The ability of micro-cracks formation in high purity aluminum during electrochemical charging by hydrogen has been studied. The experiments revealed that the existence of a large size distribution of hydrogen bubbles on the surface (blisters) and under the surface obtaining during electrochemical charging can leads to micro-cracks formation in the absence of an external applied stress in aluminum samples. Transmission Electron microscopy (TEM) samples after electrochemically charging showed micro-cracks with typical ductile mode of fracture.


Rozenak P.,Hydrogen Energy Batteries Ltd.
Journal of Alloys and Compounds | Year: 2014

In the present study, the deuterium distribution through the specimen thickness during charging and aging at various temperatures was characterized using the secondary ion mass spectrometry (SIMS) method. The advantages of this method are that the actual concentration-depth profiles are obtained from hydrogen (H) introduced during the growth, storage and melting environments (in single crystal or polycrystalline) of aluminum. Separately, the deuterium (D) concentration-depth profiles introduced from chemical processes or interactions with water during the experimental test processes, obtained by charging was characterized. Analysis of the pores, voids and bubbles related to hydrogen and deuterium was performed by small and wide X-ray scattering (SAXS and WAXS) and by high magnification transmission and scanning electron microscopy (TEM and SEM). Large (some micrometers in diameter) to very small (nanometers in diameter) sizes in the distribution and variability in the density of the voids/bubbles were found. The internal and surface bubbles and dense distributions of voids near dislocations related to the hydrogen distribution were studied. Moreover, the hydrogen-vacancy interactions related to microstructure changes must be taken into account in the process of characterizing the state of hydrogen in aluminum. An interpretation of the two dimensional anisotropic iso-intensities obtained by SAXS for octants voids was coded to obtain iso-intensity in the [1 1 0] plane in reciprocal space. © 2013 Elsevier B.V. All rights reserved.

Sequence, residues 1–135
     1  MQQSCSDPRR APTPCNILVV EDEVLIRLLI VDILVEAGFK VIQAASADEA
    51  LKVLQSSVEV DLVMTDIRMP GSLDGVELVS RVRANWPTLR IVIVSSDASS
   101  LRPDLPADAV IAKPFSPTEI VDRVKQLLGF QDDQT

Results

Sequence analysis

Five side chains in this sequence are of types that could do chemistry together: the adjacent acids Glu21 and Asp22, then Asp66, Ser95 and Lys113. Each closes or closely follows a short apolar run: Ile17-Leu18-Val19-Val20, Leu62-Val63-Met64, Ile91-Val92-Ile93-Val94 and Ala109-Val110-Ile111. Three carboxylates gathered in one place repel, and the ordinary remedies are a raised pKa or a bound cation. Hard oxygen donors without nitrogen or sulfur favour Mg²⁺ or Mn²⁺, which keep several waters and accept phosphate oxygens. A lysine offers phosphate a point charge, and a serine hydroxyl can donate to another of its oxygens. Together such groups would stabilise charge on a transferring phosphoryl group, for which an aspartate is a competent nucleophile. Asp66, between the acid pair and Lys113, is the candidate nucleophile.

Rozenak P.,Hydrogen Energy Batteries Ltd. | Shani E.,Ben - Gurion University of the Negev
Metallurgical and Materials Transactions A: Physical Metallurgy and Materials Science | Year: 2012

After hydrogen concentration, gradients in austenitic-type stainless steels, formed during electrochemical charging and followed by hydrogen loss during aging at room temperature, surface stresses, and martensitic phases α′-bcc and ε-hcp, developed. Phase quantitative X-ray surface analysis of distributions of martensitic phases in a thin layer, comparable to the penetration depth of X-rays, based on diffraction data taken for various diffraction reflections (2θ, Bragg's angles) and with various radiations (λ-wavelengths) was applied for various degrees of the type steel in the surface layers. An examination of the relationships between γ-phase transitions in a number of stainless steels and their γ stability revealed that the stability of the γ phase increased (S stability factor changed from 26.5 in AISI 321 to 44 in AISI 310), the amount of α′- martensites (from 25 pct in AISI 347 to 0 pct in AISI 310) decreased, and ε-martensites (from 48 pct in AISI 310 to 77 pct in AISI 321) increased, while the depth (from 6.2 μm in AISI 321 to 3 μm in AISI 310) of the martensitic phases decreased. Deformation and fracture experiments were carried out at room temperature in a high-resolution transmission electron microscope with single-axis tilt tensile stage and environmental cell. The principal effect of hydrogen was to decrease the stress required for dislocation motion, for phase transformation of the austenite, and for crack propagation. Formation of ε- and α′-martensite was noted along the fracture surfaces and in front of the crack tip. The cracks propagated through the ε-martensite plates, which formed along the active slip planes, while α′ phase was always found in the high stress regions. © 2012 The Minerals, Metals & Materials Society and ASM International.